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Lyme disease: knowledge, beliefs, and practices of physicians in a low-endemic area.

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Abstract

OBJECTIVE:

To determine physicians’ level of awareness and knowledge of
Lyme disease (LD) in a low-prevalence area and whether physicians’ practices align with current guidelines for treatment of LD.

DESIGN:

A 23-item questionnaire assessing demographic characteristics, general knowledge about LD, laboratory testing for LD, and responses to 3 clinical scenarios.

SETTING:

British Columbia (BC).

PARTICIPANTS:

Pediatricians, FPs, and internal medicine specialists who were licensed to practise in BC.

MAIN OUTCOME MEASURES:

Knowledge of signs and symptoms of LD, beliefs about risk of LD, attitudes toward LD in patients in their practices, and application of accepted practice guidelines for the treatment of LD in clinical scenarios.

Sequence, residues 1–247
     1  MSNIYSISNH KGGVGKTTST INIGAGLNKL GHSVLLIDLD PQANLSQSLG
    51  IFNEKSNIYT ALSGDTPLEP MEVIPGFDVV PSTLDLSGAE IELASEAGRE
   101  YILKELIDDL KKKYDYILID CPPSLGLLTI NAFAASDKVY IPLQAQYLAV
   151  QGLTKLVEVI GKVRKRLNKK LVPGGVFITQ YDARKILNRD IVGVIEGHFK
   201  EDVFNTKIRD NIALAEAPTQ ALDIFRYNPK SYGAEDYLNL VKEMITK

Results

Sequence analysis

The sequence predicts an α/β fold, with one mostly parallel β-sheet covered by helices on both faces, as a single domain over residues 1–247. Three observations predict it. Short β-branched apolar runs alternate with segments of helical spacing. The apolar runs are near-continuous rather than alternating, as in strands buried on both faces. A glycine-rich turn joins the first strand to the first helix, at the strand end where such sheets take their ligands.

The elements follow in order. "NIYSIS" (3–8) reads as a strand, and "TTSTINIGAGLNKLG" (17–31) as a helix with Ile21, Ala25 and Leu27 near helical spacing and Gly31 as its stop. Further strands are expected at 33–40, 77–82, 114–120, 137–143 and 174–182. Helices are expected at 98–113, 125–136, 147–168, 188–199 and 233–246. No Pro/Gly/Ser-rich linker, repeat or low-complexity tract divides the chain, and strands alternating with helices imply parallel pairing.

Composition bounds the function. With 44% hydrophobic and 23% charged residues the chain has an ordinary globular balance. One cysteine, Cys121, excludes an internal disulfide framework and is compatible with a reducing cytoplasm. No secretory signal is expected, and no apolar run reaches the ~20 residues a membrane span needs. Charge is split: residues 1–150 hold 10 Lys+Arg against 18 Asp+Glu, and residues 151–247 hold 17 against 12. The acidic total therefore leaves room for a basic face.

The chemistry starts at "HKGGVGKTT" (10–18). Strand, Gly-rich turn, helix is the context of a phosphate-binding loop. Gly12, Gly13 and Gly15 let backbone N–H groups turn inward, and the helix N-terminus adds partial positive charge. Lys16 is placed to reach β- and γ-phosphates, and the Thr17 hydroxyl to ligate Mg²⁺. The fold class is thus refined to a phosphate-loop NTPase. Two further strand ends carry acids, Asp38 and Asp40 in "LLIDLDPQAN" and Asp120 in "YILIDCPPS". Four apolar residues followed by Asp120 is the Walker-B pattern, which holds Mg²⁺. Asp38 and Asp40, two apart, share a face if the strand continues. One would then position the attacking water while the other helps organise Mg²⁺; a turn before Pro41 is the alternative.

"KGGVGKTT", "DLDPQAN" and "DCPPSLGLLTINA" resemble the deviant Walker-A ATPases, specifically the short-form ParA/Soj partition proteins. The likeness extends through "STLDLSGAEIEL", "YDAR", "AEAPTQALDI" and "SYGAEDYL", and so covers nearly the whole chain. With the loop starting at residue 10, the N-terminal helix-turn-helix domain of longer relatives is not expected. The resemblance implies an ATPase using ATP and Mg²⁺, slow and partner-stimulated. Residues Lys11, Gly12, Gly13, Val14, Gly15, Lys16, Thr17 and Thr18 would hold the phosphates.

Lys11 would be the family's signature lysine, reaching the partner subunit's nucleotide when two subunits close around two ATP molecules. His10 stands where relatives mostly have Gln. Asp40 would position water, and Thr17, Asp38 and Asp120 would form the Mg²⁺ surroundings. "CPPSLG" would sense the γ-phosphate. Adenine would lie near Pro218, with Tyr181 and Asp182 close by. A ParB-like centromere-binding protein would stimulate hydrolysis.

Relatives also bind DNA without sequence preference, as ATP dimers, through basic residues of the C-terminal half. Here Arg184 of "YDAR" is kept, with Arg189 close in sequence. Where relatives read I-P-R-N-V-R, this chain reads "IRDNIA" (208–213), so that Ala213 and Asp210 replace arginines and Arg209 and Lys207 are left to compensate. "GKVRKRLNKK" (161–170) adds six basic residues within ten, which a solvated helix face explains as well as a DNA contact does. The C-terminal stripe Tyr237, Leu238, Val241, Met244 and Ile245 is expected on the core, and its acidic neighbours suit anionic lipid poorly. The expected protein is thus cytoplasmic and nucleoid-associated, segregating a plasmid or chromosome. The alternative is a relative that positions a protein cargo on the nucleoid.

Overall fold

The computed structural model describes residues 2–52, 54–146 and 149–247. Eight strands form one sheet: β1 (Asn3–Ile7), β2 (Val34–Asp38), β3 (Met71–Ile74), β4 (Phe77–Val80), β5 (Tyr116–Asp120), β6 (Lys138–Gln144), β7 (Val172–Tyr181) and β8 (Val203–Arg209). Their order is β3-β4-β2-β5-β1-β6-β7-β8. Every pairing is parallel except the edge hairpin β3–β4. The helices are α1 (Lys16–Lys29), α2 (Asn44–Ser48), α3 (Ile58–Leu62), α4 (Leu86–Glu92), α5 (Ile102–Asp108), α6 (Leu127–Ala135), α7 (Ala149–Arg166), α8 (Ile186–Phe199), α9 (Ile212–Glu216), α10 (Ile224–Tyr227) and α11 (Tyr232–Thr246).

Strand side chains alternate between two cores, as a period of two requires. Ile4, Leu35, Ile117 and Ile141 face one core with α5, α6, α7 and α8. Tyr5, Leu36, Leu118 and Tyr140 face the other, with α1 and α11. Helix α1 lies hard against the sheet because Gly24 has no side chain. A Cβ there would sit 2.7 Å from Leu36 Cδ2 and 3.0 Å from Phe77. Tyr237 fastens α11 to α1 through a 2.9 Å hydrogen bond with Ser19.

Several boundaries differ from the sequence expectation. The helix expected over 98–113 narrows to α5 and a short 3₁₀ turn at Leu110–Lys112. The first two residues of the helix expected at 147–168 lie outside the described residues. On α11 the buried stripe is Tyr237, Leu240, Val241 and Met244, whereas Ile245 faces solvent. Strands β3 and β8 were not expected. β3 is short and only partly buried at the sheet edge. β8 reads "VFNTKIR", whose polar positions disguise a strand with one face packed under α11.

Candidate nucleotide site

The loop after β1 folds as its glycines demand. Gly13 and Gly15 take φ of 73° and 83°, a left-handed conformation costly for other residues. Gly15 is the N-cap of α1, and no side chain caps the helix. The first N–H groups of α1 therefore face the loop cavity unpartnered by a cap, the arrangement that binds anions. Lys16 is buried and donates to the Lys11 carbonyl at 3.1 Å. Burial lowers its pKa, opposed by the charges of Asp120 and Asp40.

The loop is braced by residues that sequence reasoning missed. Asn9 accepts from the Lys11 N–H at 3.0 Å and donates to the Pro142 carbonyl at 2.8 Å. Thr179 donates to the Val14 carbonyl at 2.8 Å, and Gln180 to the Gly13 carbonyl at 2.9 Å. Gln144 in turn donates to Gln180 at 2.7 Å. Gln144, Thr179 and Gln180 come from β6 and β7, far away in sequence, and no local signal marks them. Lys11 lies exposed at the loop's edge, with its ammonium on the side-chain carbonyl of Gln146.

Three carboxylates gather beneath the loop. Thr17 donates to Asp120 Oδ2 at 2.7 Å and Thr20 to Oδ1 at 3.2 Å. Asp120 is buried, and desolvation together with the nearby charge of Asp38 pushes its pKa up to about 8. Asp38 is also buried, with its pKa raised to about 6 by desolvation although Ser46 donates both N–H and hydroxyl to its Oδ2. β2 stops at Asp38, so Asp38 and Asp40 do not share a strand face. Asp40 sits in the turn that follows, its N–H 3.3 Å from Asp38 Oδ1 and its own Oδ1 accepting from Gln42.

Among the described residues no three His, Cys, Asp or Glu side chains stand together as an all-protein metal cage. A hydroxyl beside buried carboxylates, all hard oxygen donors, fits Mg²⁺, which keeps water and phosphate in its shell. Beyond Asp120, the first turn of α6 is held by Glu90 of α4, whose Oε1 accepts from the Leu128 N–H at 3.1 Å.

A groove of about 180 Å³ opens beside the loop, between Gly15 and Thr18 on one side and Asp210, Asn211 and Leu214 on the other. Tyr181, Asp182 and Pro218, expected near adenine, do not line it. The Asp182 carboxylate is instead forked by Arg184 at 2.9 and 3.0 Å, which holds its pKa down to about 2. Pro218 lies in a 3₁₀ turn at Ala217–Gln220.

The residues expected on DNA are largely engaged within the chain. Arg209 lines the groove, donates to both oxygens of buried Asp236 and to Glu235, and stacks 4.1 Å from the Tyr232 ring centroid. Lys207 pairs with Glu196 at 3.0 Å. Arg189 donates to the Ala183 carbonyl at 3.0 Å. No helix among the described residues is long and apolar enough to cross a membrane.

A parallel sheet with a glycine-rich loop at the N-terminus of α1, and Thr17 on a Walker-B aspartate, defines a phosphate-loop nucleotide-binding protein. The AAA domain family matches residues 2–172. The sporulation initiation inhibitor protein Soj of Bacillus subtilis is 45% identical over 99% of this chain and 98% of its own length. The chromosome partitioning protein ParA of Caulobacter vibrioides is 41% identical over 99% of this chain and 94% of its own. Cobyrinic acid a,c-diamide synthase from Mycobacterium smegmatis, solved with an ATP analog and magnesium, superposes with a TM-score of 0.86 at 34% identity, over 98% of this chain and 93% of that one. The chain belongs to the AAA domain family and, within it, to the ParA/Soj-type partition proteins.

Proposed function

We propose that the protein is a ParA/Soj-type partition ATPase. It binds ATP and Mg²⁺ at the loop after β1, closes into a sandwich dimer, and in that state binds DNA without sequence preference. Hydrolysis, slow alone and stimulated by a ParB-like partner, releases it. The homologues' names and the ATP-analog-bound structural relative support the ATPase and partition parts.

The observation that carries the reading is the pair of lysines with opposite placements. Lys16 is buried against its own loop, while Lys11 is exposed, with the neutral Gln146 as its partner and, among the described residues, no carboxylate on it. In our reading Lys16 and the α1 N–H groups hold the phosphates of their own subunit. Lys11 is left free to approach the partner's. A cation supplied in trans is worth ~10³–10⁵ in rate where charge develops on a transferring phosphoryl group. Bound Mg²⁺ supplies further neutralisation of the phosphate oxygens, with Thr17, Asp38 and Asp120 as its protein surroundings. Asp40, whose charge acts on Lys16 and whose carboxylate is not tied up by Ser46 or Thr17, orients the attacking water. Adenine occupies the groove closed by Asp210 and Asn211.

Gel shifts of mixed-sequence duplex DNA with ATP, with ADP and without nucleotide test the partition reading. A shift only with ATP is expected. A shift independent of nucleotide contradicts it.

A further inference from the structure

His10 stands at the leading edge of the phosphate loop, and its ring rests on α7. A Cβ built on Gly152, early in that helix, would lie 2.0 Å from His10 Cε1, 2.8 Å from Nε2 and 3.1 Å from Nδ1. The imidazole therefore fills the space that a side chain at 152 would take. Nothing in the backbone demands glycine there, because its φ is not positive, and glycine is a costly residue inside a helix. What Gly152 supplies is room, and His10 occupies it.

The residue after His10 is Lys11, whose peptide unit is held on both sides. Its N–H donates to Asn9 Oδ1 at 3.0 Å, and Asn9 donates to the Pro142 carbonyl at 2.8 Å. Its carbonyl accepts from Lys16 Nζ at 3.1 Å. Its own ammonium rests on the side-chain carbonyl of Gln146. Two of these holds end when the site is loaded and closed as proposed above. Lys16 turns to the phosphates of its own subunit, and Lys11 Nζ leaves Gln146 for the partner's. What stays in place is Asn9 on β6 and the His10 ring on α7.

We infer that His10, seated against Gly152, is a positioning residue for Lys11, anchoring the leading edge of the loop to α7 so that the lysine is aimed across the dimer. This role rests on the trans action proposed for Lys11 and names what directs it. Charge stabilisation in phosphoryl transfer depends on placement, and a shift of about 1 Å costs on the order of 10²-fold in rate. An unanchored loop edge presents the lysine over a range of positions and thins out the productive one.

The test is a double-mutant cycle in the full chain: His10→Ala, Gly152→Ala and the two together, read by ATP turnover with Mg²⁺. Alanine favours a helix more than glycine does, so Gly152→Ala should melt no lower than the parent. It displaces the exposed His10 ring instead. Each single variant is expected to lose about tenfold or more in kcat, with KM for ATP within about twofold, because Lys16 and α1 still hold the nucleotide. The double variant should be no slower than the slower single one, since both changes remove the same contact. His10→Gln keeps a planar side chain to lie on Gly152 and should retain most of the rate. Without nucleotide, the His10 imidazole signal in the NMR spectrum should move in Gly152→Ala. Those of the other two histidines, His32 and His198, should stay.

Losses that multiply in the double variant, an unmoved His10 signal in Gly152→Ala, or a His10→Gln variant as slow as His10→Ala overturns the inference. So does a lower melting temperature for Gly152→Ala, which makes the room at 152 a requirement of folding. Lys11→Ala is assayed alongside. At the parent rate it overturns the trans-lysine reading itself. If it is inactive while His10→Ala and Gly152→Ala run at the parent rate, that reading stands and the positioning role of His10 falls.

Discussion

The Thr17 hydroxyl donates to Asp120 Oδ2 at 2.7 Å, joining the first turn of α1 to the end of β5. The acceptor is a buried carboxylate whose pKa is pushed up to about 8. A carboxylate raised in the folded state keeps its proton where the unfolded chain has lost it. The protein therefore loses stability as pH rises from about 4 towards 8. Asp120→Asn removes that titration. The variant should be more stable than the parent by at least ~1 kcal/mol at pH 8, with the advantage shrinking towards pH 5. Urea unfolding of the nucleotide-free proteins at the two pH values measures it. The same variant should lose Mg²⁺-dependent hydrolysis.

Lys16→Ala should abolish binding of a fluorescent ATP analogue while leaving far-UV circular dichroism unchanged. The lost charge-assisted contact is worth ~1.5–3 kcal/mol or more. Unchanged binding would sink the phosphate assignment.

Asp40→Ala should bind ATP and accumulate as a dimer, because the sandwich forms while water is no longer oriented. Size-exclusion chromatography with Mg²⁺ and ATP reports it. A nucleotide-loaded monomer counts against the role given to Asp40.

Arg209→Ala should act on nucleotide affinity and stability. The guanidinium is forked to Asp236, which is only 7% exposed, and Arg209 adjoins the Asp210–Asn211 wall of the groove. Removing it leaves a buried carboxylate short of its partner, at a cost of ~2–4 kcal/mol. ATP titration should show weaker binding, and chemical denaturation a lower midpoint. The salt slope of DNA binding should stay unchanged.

RESULTS:

Overall, 80.6% of respondents were FPs. Average knowledge score was 72.5% for FPs and 75.0% for other specialists. Most respondents (75.6% of FPs and 71.8% of other specialists) underestimated the occurrence of erythema migrans (EM), and only 26.1% and 28.3%, respectively, knew that EM alone was diagnostic for LD. A total of 30.5% of FPs and 12.1% of other specialists reported having treated a patient for the
disease despite not believing that the patient had LD. Of all the respondents, 62.1% knew that LD was a reportable
disease in BC. Respondents’ reports of risk of LD in their areas were appropriately associated with actual risk based on ecological niche.

CONCLUSION:

Physicians are knowledgeable about the clinical signs and symptoms of LD and aware of the risk of the
disease despite being in a low-endemic area. Physicians in BC are comfortable with treating patients empirically for LD. Education is needed to inform physicians that EM is diagnostic and no laboratory testing is indicated before treatment. Raising awareness among physicians that LD is reportable might improve reporting of future cases.

Can Fam Physician. 2012 May;58(5):e289-95. Historical Article

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